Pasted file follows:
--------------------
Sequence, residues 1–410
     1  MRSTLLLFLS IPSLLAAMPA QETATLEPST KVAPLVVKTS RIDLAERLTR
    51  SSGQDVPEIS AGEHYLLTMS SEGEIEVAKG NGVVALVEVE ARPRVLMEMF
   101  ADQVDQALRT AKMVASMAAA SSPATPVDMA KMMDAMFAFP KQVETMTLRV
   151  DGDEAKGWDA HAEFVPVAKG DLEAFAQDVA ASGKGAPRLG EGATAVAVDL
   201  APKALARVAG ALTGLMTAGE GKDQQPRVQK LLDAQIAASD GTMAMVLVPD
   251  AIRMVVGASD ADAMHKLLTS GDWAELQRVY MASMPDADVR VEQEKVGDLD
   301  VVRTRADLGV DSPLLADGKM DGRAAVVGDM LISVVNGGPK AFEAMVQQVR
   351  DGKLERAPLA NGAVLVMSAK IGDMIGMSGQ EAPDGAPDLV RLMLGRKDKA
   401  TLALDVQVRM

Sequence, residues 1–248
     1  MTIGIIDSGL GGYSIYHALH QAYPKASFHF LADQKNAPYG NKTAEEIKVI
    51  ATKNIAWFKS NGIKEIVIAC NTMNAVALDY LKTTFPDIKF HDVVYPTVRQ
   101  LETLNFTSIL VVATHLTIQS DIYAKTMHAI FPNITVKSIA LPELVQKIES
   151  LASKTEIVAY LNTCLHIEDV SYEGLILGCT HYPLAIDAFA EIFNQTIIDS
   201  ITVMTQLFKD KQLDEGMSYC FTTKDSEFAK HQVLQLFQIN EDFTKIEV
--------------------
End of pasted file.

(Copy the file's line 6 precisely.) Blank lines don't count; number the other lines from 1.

   201  APKALARVAG ALTGLMTAGE GKDQQPRVQK LLDAQIAASD GTMAMVLVPD